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This is why D'Angelo Russell went No. 2 overall

D'Angelo Russell overcame VCU's Havoc defense on his way to a sensational 28-point performance, and he did it in so many different ways. That bodes well for his pro prospects.

SB Nation 2015 March Madness Bracket

This is an updated feature from March. The L.A. Lakers selected D'Angelo Russell with the second pick in the NBA Draft.

Ohio State guard D'Angelo Russell has been one of the most impressive freshmen in the country this season. The 19-year-old has an effortless shot release and he's capable of completing passes that'll make you question the laws of physics. At 6'5 with a long wingspan, Russell has all the raw tools necessary to develop into a star playmaker in the NBA.

Russell's 28 points led the Buckeyes to a 75-72 overtime victory over VCU in the opening round of March Madness. He hit 10 of his 20 field goal attempts and also pitched in with six rebounds, two steals and two blocks.

But before the tournament, I worried Russell could be a non-factor against Shaka Smart's stifling Havoc defense, since he has struggled against many of the NCAA's stingiest opponents this season.


The numbers dictate that Russell experienced a decline in scoring and passing efficiency against top defenses, but that isn't too surprising for a player who just turned 19 in late February. He may not be as NBA-ready as his reputation, but his dip in numbers don't suggest that he's just accumulating big numbers against bottom-feeders. He is simply adjusting to the NCAA, like any freshman does.

The Rams' lethal defense held Russell in check for only two points in nearly the first 15 minutes of the game. The pick-and-roll has been a heavy part of Russell's offensive success this season, so they were blitzing or trapping him whenever the Buckeyes ran a screen.

Despite the pressure, Russell remained calm and created a few assists opportunities with only one turnover. He has had a tendency to over-dribble at times this season, but for the most part he performed like a mature point guard that was trying to draw attention and create plays for others. Those 15 minutes in and of themselves illustrated why he could be a top NBA point guard.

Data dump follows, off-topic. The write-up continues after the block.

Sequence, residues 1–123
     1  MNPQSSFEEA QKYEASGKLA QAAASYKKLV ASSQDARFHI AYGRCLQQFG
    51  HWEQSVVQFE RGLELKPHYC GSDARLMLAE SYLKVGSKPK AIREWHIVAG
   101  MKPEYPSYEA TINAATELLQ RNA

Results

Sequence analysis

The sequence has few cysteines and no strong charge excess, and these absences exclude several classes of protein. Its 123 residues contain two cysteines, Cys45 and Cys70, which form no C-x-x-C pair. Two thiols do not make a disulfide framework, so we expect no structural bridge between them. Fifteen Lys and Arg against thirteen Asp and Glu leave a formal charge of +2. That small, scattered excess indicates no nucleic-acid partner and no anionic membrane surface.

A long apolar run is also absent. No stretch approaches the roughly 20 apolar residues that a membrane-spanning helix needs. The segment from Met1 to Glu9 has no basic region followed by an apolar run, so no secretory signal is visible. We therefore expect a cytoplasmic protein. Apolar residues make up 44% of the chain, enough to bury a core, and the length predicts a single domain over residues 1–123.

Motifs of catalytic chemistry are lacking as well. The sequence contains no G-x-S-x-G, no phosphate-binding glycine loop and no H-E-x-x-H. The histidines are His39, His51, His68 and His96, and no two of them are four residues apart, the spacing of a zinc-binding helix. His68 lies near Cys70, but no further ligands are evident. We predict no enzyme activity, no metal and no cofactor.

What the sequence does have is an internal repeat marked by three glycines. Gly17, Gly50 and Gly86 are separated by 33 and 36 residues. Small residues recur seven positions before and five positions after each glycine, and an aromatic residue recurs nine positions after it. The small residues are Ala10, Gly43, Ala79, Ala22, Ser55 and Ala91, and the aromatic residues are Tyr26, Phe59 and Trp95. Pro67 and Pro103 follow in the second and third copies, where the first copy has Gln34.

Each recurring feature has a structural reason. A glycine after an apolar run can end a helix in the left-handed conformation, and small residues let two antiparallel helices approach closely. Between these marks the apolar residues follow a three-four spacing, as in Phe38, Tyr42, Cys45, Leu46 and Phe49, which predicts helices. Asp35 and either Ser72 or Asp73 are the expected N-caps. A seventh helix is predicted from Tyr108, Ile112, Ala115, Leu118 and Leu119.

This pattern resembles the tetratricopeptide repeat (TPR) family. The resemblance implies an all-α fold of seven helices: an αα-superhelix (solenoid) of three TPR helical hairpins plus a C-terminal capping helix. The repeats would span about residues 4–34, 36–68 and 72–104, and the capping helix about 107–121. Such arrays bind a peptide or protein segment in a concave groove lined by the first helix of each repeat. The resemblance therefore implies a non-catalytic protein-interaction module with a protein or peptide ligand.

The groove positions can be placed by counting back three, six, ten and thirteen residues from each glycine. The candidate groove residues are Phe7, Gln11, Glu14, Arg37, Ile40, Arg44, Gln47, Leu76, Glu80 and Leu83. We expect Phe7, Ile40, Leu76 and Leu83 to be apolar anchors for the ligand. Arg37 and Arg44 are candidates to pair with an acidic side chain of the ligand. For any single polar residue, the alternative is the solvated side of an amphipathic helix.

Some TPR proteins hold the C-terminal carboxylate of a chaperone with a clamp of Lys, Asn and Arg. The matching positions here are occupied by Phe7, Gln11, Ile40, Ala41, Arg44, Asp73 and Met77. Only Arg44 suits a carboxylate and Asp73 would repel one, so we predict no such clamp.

But Ohio State won't win many games without its star freshman scoring buckets, so head coach Thad Matta made an adjustment to use Russell more off the ball and minimize his reps in isolation and pick-and-roll situations.

Russell responded to the modification with a flurry of buckets to end the first half, which helped Ohio State battle back from a 10-point deficit. Russell's sweet lefty jumper led to two triples and savvy off-ball movement opened him up for a layup.

This is why Russell is such an intriguing draft prospect. When he's not having success scoring on the ball, he's able to shift into a traditional two-guard role and play just as well. He fits the NBA's modern prototype of a combo guard and could probably play either backcourt position no matter where he is drafted.

Russell's production sustained throughout the second half and overtime, as VCU was unable to slow him down.

Russell's natural ability as a point guard shows in his sense of space. The first clip above is a prime example: He notices his defender ball watching, so he fills the space to his right, which creates a perfect passing lane for his teammate. He then makes a patient play by pump faking and drawing the foul.

With a 6'9 wingspan and a speedy release, Russell towers over most point guards and will have no trouble getting his shot off in the NBA. He has had consistent success hitting shots with a hand in his face and he has actually been even better off the dribble, which bodes well for his versatility. Russell's footwork is still developing, but he will likely become an even larger threat off screens and dribble handoffs.

At 6'5, Russell is fully capable of snatching rebounds and taking it the length of the floor. His ability to play in space usually leads to positive results for the Buckeyes, and that was certainly the case against VCU.

In the second half and in overtime, Ohio State scored on all but one transition possession in which Russell got a touch. He did a great job of keeping his head up and reading the defenses and has a remarkable aptitude for making laser passes off the dribble.

It's rare for 19-year-olds to have this level of sense of space and timing, and that's what makes his potential so promising. It's a sign that he has a strong basketball IQ, and those players almost never fail in the NBA, provided they have the talent and athleticism.

The Buckeyes went away from the pick-and-roll after their slow start, but that is where Russell excels the most. He is amazing at getting his man behind him, probing and either going at the rim, pulling up or making a no-look pass to a teammate. VCU's aggressive defense prevented him from making direct assists like this, but he'll get the chance to put that skill on display Saturday against Arizona.

In the meantime, you're going to have to live with this magic trick:

You just don't see players with those handles every day. Russell didn't even score on the play, but his ability to endure a defender breathing down his neck by using an ankle-breaking crossover to create space and put pressure on the defense is special. There's no doubt we'll be seeing this playmaker on highlight reels for years to come.